Haste Makes Waste

September 22, 2011 at 1:52 am | Posted in Asia, Children's Stories, Culture, Life Lessons, Moments from History, Reflections, Relevance to Today, Stories from China | Leave a comment
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Translated by Natashe Huang


Why Jing Gong ended up reaching the capital a day later than the carriage.

The saying “Haste makes waste” originated from Analects, in a conversation between Confucius and his disciple Zi Xia.

When Zi Xia was assigned to Ju County of the state of Lu (currently Shandong Province), he went to see Confucius and wanted to discuss governance.

“Teacher, what should I do to manage a place?”

“Haste makes waste. You would pay no attention to the small gains in front of you, but concentrate on huge benefits later on,” answered Confucius.

What did Confucius mean, then? When doing things, isn’t it true, the faster the better? In reality, it is not so.

Being speedy does not help to make us reach our goal faster. I know someone who is very speedy in doing everything. Once, she tried to wash dishes. She did not even bother to look at what was there and moved all the dirty dishes into the kitchen. After she did that, all one could see was a mountain of dishes in the sink. Then, she washed everything quickly, including some clean dishes and cups. In the end, not only were the dirty dishes still greasy, but also the clean dishes got dirty. Eventually, all the dishes had to be washed again.

If she had slowed down and done a good job in washing only the dirty dishes, she would not have had to wash the clean dishes and no one would have needed to re-wash all the dishes again.

Once, I watched a 3-year-old child trying to unravel a ball of yarn. Because the child did not spend the time to find the beginning of the yarn, the harder he pulled the yarn, the messier it got. He was so frustrated that he cried.

Of course, we are not small children. However, if we could calm down to think about the task we intend to start, it would save us a lot of time and energy in the long run.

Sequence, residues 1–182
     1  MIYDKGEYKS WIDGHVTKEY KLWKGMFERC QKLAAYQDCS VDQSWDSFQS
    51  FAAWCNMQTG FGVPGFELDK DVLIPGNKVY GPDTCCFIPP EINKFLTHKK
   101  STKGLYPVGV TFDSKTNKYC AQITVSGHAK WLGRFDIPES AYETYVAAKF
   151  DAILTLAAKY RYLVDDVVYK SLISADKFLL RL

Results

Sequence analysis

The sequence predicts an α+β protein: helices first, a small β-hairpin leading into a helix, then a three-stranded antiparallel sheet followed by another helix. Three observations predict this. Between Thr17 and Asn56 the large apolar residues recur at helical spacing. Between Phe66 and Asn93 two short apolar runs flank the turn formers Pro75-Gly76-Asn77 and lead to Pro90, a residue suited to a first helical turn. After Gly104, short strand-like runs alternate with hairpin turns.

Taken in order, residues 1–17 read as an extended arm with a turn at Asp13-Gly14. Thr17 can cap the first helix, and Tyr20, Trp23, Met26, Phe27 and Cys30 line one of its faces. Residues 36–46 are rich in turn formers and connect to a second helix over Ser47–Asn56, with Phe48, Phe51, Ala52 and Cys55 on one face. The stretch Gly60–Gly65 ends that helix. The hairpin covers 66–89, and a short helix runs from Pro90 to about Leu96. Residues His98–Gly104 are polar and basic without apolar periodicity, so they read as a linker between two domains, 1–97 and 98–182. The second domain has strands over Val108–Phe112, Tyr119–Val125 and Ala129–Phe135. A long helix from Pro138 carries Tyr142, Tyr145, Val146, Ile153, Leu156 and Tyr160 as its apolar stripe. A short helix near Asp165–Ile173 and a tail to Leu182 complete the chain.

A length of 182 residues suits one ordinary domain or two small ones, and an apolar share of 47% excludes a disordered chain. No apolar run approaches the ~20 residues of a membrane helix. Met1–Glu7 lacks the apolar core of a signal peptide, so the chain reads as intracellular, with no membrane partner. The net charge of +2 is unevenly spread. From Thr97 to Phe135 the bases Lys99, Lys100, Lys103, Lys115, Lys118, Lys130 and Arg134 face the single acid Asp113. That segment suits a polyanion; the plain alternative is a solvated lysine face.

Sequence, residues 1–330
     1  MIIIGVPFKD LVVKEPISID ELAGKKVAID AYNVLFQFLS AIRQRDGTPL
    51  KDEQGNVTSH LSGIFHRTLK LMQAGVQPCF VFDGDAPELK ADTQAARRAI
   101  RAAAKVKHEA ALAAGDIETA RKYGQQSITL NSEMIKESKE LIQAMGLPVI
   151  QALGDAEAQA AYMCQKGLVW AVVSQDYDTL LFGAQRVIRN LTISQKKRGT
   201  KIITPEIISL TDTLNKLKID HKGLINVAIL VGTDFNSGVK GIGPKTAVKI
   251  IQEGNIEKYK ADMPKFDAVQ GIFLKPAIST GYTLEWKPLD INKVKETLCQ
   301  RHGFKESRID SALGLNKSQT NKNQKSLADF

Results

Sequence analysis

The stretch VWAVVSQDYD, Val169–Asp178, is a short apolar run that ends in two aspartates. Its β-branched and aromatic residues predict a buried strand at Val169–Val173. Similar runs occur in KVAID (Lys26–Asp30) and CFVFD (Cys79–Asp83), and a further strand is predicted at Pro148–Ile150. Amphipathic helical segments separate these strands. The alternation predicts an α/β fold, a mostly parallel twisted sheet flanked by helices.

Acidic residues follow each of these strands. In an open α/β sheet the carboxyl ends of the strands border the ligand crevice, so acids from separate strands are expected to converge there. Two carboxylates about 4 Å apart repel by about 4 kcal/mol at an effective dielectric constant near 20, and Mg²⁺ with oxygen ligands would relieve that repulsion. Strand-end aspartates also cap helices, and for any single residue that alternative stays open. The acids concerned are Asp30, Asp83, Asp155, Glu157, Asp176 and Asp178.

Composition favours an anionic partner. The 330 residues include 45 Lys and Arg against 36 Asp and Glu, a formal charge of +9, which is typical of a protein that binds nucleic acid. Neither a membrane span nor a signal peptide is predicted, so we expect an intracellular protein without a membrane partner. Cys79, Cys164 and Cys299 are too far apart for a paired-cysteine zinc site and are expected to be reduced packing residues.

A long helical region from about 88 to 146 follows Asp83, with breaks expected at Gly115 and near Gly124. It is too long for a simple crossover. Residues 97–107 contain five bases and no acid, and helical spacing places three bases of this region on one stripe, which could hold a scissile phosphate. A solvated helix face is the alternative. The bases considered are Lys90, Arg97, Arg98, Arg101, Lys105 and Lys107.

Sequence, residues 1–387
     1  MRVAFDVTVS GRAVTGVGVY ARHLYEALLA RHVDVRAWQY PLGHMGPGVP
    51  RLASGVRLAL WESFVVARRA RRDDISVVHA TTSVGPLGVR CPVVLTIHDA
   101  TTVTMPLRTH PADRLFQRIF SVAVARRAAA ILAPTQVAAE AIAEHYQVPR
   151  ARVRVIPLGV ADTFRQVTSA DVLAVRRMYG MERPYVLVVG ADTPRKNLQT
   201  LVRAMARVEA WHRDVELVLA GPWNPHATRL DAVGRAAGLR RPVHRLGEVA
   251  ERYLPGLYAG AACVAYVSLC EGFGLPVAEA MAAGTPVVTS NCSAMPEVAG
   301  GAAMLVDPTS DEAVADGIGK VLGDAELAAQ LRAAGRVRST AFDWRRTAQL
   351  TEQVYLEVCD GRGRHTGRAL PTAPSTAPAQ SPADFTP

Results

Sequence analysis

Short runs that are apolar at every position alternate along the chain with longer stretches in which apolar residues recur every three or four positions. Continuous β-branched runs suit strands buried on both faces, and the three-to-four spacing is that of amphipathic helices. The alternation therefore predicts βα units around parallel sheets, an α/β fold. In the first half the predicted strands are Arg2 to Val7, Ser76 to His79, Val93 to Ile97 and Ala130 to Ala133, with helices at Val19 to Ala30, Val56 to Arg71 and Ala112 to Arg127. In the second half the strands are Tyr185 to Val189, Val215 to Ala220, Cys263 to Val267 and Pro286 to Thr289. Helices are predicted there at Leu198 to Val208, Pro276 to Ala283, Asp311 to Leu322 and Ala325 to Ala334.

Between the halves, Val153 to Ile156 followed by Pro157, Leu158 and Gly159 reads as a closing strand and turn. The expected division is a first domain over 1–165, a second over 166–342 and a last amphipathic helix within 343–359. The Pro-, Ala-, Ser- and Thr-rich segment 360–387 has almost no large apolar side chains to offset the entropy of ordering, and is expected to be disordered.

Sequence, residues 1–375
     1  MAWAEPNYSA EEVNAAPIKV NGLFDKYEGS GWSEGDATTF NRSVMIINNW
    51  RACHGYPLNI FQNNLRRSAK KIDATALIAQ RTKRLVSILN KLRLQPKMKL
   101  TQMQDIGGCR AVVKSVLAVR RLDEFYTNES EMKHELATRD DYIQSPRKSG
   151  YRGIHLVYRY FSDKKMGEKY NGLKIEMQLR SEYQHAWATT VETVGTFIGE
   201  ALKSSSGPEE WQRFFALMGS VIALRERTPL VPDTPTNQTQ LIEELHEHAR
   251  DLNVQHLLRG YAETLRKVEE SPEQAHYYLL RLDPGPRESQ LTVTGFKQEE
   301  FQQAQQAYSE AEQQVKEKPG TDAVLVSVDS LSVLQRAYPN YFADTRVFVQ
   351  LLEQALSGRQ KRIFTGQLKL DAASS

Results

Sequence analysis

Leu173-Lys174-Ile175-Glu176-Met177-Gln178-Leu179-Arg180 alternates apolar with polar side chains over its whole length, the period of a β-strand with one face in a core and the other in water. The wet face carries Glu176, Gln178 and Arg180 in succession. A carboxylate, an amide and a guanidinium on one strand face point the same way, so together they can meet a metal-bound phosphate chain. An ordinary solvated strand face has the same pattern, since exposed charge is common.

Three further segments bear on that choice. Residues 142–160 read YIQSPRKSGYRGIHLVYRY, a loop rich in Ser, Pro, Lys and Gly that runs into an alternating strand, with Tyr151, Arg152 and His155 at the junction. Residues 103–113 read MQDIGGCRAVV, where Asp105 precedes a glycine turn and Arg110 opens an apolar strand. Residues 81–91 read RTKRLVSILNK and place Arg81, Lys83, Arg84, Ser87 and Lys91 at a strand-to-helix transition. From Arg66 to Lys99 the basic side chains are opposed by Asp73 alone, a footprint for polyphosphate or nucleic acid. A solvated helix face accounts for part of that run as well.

When we concentrate on being speedy, our hasty hearts can easily complicate things. A calm mood enables us to see organisation out of chaos and turn complexity into simplicity.

One of my students likes to do things fast. He writes very quickly and his strokes are very messy. Even though he does more exercises than the others, his scores are not getting better. If he could pay more attention to his work and really absorb what he learns, he would make better progress in his studies.

One winter, I wanted to go into town. I asked my little helper to bundle quite a few books and follow me. When we got to the riverbank, the sun was about to set. It was about two miles away from the city gate. My little helper asked the man on the ferryboat: “Can we get into the city before the gate closes?”

The man looked at my little helper and said: “Yes, but only if you walk slowly and carefully will the gate still be open for you. However, if you walk in a hurry, the gate will be closed.”

I was angry with the man and thought he was making fun of us. I walked quite fast. Half way through, my little helper tripped and he watched all the books fall all over the street, and he cried. By the time he collected all the books and bundled them up again, the city gate had closed. I was very frustrated and suddenly recalled what the man on the ferryboat said, which was very logical.

During the Spring and Autumn Period, the King of Qi, Jing Gong, was well-known for being kind and virtuous. One day, while he was touring the state, he heard that Prime Minister Yan Ying was seriously ill. Jing Gong was very anxious to go back to see Yan Ying, so he ordered the fastest carriage. However, he was so anxious that he kept complaining about the carriage being too slow. He even took over the reins himself. Finally, Jing Gong gave up the carriage and walked fast instead.

It was learned that Jing Gong’s fast walk was much slower than the carriage. He ended up reaching the capital a day later than the carriage.

The above stories show us “haste makes waste”. When we try to do things in a hurry, we are likely to end up with poor results.


Source: http://en.kanzhongguo.com/lifestyles_entertainment/haste_makes_waste.html


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